Daniel Horner | Content Writer
European football’s biggest club competition returns this Friday, albeit with a different format. Usually at this time of the year we would be watching the qualifying rounds, yet the 2019/20 edition will be concluded in Lisbon, all within the space of three weeks. It seems like an eternity has passed since Atletico Madrid dramatically knocked out holders Liverpool 4-2 on aggregate in the Round of 16 on March 11th.
So, what has changed now the Champions League has finally returned? Well, the four remaining Round of 16 second leg ties will be completed at the venues of the home teams. For Manchester City, Juventus, Barcelona and Bayern Munich this is a welcome relief, as they can retain some sort of ‘homefield advantage’ behind closed doors. The remaining quarter-finals, semi-finals and final itself will all be single-leg knockout games at neutral venues. The ties in Lisbon will be split between Benfica’s Estádio do Sport Lisboa e Benfica and Sporting CP’s Estádio José Alvalade, with the former hosting the final, just as it did back in 2014. Finally, as we have seen across domestic competitions, five substitutions will be permitted per game.
It all kicks off again on Friday night, with Manchester City hosting Real Madrid (Agg 2-1) and Juventus welcoming Lyon (Agg 0-1). Pep Guardiola’s side will hope to redeem themselves after their FA Cup semi-final defeat to Arsenal and secure a second trophy of a long season. Zinedine Zidane’s Real Madrid have been in excellent form however, overtaking Barcelona to secure the La Liga title and winning ten successive games in the process, only drawing once in their final league fixture after the title was secured.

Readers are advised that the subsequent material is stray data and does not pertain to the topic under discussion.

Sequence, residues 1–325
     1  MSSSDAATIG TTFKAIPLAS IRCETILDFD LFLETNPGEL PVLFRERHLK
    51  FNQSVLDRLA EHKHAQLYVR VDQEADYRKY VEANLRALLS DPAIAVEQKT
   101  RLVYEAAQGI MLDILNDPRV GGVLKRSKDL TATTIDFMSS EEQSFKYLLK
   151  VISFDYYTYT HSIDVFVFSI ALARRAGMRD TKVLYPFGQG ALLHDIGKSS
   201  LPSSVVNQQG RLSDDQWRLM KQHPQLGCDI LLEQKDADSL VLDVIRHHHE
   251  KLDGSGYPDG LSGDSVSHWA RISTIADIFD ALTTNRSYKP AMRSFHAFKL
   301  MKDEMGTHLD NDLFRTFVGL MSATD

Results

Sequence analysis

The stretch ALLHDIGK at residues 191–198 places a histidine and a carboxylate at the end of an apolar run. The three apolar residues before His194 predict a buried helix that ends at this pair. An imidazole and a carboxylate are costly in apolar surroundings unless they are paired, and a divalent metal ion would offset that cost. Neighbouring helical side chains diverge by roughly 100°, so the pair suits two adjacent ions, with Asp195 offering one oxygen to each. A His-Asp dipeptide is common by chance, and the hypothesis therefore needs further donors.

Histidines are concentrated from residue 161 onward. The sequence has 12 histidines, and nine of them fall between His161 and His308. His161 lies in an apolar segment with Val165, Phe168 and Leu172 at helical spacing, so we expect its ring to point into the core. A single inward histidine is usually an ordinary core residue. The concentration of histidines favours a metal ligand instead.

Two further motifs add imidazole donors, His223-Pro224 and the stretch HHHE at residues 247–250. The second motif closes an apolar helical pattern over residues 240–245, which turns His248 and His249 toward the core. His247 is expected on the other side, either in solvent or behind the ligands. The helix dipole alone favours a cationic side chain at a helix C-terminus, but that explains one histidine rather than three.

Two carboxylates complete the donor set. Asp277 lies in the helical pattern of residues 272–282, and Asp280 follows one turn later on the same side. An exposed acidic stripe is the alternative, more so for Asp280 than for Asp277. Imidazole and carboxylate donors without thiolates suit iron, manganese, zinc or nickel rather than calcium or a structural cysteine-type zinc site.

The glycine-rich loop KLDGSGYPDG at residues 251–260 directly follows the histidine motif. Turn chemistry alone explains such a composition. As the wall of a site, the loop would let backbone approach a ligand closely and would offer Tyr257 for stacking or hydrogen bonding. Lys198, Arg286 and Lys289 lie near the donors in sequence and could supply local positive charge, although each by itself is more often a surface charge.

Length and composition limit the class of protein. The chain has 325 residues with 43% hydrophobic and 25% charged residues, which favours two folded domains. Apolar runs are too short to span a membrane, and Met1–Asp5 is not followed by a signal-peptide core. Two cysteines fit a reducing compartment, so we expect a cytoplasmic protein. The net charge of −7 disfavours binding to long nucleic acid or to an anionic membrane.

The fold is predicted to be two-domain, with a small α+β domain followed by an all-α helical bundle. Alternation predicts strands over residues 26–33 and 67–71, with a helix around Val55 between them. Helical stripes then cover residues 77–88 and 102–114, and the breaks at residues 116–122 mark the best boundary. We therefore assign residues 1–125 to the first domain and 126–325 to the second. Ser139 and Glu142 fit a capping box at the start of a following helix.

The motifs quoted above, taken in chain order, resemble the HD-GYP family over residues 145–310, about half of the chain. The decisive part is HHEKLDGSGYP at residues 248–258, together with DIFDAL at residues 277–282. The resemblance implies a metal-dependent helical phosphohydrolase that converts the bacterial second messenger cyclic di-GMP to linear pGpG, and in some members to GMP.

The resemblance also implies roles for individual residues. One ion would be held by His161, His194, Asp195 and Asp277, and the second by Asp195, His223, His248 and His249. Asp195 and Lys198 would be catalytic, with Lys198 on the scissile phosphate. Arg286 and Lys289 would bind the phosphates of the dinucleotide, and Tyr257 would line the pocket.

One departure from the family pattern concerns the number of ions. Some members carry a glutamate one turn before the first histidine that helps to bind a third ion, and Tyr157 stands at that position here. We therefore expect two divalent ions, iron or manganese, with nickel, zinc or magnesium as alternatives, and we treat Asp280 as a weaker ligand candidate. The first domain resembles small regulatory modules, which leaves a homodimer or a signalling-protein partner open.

Despite their inconsistent form, Serie A winners Juventus managed to win their ninth successive league title. Lyon hold a slender advantage, but team weariness could be a factor in a possible loss for the French side. Ligue 1 ended earlier than Italy’s Serie A, so the only competitive fixture for Les Gones was the Coupe de la Ligue final defeat to Paris Saint-Germain on penalties on July 31st.
On Saturday, La Liga runners-up Barcelona welcome Coppa Italia winners Napoli to Camp Nou, finely balanced at 1-1. Barcelona’s poor form since football returned cost them in their pursuit of the La Liga title: another year of failure in the Champions League would result in a season without silverware of any kind; a disastrous prospect for the club. Napoli will certainly fancy themselves as outsiders with little pressure on them, so an upset could be on the cards.
Bundesliga champions Bayern Munich already have one foot in the quarter-finals. Visitors Chelsea will have to overcome a 3-0 home leg deficit, depleted with injuries to key players and only a week since their FA Cup final defeat to Arsenal. Champions League top scorer Robert Lewandowksi will fancy adding to his tally of eleven goals this season, while winger Serge Gnabry will also be looking to continue his run of scoring against London clubs in Europe, after bagging two in the first leg at Stamford Bridge and four away to Tottenham Hotspur in October
The two confirmed quarter finals are this year’s surprise package Atalanta against treble winners PSG as well as the Bundesliga’s RB Leipzig versus Atletico Madrid. Free-scoring Atalanta face a PSG side without Kylian Mbappé who is out with an ankle injury. Leipzig will also have one notable face missing, as pacy hitman Timo Werner joined Chelsea in a £48 million transfer deal prior to their game against Atletico, meaning he is unavailable for selection. The winners of these fixtures will meet in the semi-finals.